Three full seasons have passed since the Green Bay Packers made 10 selections in the 2011 NFL draft. While the most common draft grades come within minutes of a pick, the most accurate are saved for three years down the road. With the requisite time passed, it’s now worth looking back and evaluating the Packers’ 2011 draft class.
1.32 OT Derek Sherrod
Green Bay’s first-round pick is an impossible evaluation thanks to a devastating leg injury that cost Sherrod the better part of his first two seasons. Envisioned as the book-end left tackle opposite Bryan Bulaga, Sherrod has played in only 12 career games with zero starts. He’ll get a chance to win himself a starting job this summer, but 2014 is clearly his crossroads season. It’s very possible he’ll never realize his full potential and the Packers will move on after next season. No one could have predicted such a catastrophic injury derailing his early career, but getting zero starts and only 121 total offensive snaps over the first three years from a first-round pick represents a huge failure.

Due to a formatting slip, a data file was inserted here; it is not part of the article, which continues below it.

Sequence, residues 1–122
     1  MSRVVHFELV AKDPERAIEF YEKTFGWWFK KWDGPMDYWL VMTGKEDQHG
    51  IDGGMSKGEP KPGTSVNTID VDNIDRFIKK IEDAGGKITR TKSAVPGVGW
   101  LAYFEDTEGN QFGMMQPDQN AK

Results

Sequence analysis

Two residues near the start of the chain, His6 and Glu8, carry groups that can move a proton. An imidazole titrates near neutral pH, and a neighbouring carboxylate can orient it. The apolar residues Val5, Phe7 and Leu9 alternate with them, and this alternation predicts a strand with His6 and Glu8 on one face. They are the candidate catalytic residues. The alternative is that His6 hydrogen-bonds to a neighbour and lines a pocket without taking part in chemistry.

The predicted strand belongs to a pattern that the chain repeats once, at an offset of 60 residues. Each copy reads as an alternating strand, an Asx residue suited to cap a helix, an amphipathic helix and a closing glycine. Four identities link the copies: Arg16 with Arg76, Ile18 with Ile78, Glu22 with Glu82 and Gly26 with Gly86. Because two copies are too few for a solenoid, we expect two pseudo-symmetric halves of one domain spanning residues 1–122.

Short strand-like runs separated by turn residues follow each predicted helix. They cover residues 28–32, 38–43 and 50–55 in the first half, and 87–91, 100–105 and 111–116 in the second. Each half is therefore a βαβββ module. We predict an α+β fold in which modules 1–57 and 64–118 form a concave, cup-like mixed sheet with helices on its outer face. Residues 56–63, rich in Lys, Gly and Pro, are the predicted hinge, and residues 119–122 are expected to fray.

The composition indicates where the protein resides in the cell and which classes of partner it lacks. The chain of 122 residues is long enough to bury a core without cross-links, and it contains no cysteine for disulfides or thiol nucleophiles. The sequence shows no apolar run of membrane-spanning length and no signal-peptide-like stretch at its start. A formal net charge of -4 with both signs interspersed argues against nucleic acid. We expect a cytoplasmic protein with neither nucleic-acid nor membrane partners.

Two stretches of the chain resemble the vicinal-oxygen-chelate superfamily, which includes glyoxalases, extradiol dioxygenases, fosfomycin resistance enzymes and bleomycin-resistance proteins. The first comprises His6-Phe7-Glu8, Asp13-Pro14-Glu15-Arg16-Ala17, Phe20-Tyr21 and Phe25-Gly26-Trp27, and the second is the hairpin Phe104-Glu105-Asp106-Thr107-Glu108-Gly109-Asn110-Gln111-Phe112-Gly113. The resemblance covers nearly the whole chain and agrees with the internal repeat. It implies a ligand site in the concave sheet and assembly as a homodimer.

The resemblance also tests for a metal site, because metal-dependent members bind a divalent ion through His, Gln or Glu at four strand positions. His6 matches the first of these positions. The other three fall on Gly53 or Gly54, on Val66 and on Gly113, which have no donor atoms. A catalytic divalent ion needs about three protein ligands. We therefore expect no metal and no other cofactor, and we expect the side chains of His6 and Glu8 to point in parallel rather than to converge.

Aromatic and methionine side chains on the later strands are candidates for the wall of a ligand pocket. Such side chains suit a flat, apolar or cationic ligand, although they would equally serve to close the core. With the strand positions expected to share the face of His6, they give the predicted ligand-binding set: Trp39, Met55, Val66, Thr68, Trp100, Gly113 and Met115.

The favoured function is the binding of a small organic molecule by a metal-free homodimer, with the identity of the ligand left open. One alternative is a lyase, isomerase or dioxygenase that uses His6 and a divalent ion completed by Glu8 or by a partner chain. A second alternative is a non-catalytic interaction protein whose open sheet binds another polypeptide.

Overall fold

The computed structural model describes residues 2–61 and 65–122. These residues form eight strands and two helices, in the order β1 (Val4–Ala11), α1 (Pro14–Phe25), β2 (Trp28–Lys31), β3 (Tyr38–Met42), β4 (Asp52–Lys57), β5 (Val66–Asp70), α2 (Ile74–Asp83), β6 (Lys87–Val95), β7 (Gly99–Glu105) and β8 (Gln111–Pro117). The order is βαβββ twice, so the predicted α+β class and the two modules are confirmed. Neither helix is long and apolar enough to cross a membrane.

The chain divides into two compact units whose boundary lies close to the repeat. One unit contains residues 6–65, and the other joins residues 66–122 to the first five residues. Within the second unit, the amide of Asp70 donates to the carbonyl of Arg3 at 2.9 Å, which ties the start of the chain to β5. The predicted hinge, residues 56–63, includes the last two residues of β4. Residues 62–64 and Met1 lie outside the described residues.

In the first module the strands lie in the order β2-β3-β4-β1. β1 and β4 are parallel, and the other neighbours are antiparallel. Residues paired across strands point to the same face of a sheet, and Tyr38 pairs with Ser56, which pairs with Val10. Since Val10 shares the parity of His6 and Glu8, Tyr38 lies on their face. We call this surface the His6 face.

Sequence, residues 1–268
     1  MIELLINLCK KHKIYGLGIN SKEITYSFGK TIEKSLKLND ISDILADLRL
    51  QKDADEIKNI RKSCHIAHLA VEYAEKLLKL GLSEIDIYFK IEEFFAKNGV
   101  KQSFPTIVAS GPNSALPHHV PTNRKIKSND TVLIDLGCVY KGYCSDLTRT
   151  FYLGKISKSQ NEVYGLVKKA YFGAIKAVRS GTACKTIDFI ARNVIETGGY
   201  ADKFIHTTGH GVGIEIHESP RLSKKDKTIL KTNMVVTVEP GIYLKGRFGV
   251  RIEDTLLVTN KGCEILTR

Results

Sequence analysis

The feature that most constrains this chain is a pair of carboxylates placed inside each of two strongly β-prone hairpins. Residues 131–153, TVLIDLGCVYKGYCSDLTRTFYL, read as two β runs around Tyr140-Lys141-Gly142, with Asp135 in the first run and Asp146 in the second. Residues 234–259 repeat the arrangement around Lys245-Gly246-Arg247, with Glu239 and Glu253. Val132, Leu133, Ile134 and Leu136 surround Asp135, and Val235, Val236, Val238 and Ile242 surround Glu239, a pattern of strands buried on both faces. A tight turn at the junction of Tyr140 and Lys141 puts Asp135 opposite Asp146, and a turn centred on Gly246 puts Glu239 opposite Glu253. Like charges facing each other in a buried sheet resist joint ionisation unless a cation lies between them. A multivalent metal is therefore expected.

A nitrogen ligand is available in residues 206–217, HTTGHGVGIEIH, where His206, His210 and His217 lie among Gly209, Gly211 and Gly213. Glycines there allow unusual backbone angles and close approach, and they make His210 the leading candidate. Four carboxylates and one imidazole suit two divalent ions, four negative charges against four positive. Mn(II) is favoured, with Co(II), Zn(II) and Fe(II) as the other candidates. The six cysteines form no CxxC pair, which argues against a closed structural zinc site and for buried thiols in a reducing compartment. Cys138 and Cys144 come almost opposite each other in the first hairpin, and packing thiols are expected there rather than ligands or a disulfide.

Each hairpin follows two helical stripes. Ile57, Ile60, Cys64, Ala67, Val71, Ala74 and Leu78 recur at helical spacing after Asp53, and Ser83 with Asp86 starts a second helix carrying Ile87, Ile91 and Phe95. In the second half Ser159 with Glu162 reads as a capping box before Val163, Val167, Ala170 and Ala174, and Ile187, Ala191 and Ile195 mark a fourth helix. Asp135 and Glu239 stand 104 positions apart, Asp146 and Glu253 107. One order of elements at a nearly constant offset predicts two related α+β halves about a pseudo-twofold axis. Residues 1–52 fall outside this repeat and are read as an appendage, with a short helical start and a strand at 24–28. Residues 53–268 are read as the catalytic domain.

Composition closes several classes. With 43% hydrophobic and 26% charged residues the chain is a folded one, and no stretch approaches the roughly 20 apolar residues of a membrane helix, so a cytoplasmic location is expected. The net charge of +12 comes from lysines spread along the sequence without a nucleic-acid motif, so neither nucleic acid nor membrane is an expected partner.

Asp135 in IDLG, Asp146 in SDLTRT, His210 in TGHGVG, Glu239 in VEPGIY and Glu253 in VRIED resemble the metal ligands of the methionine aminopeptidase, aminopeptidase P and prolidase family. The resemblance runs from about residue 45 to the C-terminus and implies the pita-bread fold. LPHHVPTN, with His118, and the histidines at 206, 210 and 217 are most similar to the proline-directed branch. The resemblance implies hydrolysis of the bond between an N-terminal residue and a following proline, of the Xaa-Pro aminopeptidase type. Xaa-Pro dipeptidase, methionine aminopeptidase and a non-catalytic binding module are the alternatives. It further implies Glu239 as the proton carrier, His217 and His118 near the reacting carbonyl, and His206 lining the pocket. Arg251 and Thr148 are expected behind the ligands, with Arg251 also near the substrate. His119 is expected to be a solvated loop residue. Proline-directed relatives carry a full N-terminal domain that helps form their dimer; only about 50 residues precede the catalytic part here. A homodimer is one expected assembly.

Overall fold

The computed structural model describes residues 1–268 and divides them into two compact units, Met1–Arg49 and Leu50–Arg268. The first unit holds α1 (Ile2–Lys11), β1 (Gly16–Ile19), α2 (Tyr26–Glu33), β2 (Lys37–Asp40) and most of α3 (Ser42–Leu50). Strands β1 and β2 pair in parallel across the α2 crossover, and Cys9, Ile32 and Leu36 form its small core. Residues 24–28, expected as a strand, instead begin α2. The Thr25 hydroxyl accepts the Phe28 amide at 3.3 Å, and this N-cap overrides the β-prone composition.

2.64 WR Randall Cobb
Cobb is one of the NFL’s premier slot receivers and the saving grace for an otherwise ugly draft class. He has 13 career touchdowns on offense and another three on special teams. Over the last two seasons, or 21 total games, he has averaged over five catches and nearly 140 all-purpose yards per contest. Overcame a broken leg to return for the 2013 season finale, and then caught two hugely important scores, including the game-winner that sent Green Bay to the postseason with a third-straight division title. Through four games last season (he broke his leg in Week 5), Cobb was on pace to catch 100 passes for 1,300 yards and eight scores. Given a full season with Aaron Rodgers, Cobb could very easily produce a Pro Bowl season. He’s a special player and one of the best values of the 2011 draft.